I can tell how long I’ve known Bill Harris by the length of his beard. When I first met him, it was short and bushy. Now it hangs well below his chin, its wiry brown hairs nearly grazing his collarbone. Bill is a tall, lanky kind of guy with big, calloused hands. His laugh is infectious, a pair of off-kilter eyes crinkling at the corners every time he smiles. Looking back on the four years I lived off and on in Damascus, it’s hard to picture my life there without him. If he wasn’t at Mojoe’s Trailside Coffee sipping a cup of coffee, he was usually on his bike cruising down the Virginia Creeper Trail with his canine sidekick Deohghi in tow.

Originally from the southwest corner of Michigan, Bill found his way to Damascus after losing both his house and job in 2000. With his daughter grown and his days now suddenly much freer, Bill decided to take this otherwise unfortunate turn of events and make it something positive. After researching “rails to trails” online, he came across a site for the Virginia Creeper Trail, reduced his possessions to the pack on his back, and headed south.

“Michigan wasn’t my happy place. This,” Bill says, sweeping his arms wide, “this is my happy place.”

For the decade following that first ride down the 34-mile-long Creeper, Bill would bounce around southwest Virginia working side jobs and making enough money to keep his now-transient lifestyle afloat. But in 2012, the call of the Creeper could no longer be ignored. With the permission of a local landowner, Bill established a campsite off the Creeper just outside of Damascus and has been living in the woods ever since.

“Home is where your hammock hangs,” Bill says. “I’ve got no lights, no power, no bills. There’s no stress. I’m here to live and live as easy as I can and do what I can to help another.”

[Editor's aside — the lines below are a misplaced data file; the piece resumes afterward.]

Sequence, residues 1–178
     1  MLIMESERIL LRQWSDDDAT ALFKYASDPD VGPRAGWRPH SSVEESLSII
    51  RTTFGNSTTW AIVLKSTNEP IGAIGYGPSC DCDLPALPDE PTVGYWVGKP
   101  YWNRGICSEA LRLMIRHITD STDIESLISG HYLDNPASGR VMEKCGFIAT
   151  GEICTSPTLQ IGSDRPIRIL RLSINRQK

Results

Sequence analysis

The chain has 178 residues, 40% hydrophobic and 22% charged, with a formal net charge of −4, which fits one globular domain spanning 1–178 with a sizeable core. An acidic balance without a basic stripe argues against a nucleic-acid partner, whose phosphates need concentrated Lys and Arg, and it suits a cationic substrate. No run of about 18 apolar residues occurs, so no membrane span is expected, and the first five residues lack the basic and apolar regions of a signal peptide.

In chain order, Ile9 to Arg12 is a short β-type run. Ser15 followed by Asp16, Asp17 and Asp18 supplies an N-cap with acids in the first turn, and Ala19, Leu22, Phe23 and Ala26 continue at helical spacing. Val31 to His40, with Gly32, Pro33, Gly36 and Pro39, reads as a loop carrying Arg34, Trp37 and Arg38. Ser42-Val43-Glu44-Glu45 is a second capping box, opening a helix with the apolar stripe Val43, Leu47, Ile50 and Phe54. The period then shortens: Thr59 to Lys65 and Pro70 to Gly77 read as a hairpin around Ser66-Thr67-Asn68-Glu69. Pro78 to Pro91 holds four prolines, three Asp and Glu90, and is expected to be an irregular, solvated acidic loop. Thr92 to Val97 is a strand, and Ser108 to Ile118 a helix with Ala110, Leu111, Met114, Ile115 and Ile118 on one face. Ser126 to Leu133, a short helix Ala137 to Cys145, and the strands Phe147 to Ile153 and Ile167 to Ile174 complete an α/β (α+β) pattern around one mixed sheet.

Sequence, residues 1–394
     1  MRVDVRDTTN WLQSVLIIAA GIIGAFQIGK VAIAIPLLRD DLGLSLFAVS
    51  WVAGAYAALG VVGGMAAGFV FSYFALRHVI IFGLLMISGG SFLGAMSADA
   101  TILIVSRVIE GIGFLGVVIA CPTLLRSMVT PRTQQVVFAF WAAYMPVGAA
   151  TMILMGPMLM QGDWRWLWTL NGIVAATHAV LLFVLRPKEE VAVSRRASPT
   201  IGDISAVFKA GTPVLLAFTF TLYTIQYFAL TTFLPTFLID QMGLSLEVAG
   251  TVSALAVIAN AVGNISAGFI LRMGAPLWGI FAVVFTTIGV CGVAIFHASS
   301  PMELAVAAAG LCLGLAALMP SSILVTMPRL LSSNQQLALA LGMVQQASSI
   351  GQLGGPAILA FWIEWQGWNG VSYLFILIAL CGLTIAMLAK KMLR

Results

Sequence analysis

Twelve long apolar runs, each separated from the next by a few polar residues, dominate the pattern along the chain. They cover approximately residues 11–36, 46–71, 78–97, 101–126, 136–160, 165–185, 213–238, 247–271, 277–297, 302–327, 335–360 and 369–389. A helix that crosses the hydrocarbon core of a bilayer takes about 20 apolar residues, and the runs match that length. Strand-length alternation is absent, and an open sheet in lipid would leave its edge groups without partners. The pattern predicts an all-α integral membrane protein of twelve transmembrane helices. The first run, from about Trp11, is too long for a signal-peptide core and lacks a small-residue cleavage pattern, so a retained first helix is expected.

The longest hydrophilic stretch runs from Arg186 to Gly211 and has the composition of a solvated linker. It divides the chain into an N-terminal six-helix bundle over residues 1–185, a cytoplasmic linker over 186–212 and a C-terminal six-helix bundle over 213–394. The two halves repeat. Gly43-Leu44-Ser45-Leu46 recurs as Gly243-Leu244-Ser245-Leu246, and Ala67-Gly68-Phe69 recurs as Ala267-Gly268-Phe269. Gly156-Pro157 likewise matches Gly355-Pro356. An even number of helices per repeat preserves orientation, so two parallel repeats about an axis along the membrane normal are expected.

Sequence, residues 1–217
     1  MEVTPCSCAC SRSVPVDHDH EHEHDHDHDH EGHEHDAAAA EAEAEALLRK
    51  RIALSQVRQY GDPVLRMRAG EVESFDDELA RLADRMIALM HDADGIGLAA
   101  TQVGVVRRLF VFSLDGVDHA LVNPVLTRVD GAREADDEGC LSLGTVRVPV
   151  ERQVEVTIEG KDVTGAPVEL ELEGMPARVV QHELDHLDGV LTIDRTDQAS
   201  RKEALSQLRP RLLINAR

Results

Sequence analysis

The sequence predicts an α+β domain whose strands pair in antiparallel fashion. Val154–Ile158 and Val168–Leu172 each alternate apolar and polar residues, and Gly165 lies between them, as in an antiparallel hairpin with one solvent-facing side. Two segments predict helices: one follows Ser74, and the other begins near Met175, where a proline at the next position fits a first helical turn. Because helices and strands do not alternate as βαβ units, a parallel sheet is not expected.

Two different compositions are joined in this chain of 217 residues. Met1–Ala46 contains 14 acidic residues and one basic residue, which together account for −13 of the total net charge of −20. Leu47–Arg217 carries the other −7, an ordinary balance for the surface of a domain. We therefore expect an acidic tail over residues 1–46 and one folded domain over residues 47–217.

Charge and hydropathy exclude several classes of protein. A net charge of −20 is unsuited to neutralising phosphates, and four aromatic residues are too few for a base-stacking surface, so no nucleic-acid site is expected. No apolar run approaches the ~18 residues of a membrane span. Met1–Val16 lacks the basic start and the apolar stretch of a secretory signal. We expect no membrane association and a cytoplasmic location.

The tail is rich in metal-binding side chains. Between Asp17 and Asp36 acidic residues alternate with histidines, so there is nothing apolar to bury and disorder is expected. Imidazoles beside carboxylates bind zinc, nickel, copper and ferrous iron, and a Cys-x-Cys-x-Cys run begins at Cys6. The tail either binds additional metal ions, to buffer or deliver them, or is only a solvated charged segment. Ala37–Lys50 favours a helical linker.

Aside from his hammock, a tarp, some fly-fishing gear, and a minimalist espresso maker, Bill doesn’t really own anything. He gets around town on a black aluminum frame Trek with a doggie cart attached. Litter hurts everybody reads a weathered sign tacked to the back of the cart. Bill is what you might call the “trail maintainer” of the Creeper, taking it upon himself to pick up the trash that others leave behind. Generally, he’s one of the happiest people you’ll ever meet, but if he catches you tossing even so much as a cigarette butt onto the Creeper (or anywhere for that matter), you’ve got another thing coming.

“I don’t know if you can call me a trail angel,” Bill says. “I don’t ask for anything and I don’t take anything. It all comes around. I’ve learned that everything is connected.”

A typical day in the life of Bill always involves picking up at least one bag of trash from the Creeper, an unglamorous pastime at best, but one that does not go unrecognized. Although Bill occasionally runs shuttles for hikers coming into Mt. Rogers Outfitters, he hasn’t needed to find a full- or even part-time job in months: the town of Damascus takes care of him.

“Anytime I need something, I always meet someone who can help,” he says. “Sometimes I might have to go looking for that help, but it’s there.”

Living outside year-round may sound like a dream come true, but the reality of such a lifestyle is not nearly as tranquil. Bill’s “front yard,” as he likes to say, is Whitetop Laurel, the local creek that parallels the Creeper through town. In January 2013, his setup earned the name Camp Floodzone after days of nonstop rain forced Bill to move his hammock site in the middle of the night.

“I was voted off the island,” he says with a chuckle. “But there were people looking out for me. Within a few minutes of taking down my campsite, someone was there with a truck to help me load it all and take me somewhere dry.”

I saw Bill the morning following the flood. Although he looked tired, likely from being awakened in the middle of the night to a roaring river beneath his feet, he was not so much as a fraction less cheery. Even in the sticky heat of the long summer days or the bitter cold of the longer winter nights, I’ve never once heard Bill complain. The mosquitos, the snow, the torrential downpours—nothing fazes him.

“A guy once said to me, ‘you’re just on a next level of Zen with your happiness. More people need to get there,’” Bill says. “I guess the secret is I’ve thrown everything away. If you’ve got stuff, you have to live with stuff, and nobody really needs stuff.”

Aside from his daily trail upkeep, Bill is an avid hiker, a connoisseur of wild mushrooms, a fly-fisherman, and a master fly craftsman. His favorite pastime is listening to the gurgling waters of Whitetop Laurel from his hammock and his most treasured book is Edward Abbey’s The Monkey Wrench Gang.

“Pay your rent, work for the earth,” he says. “If I didn’t do what I do, who would do it?”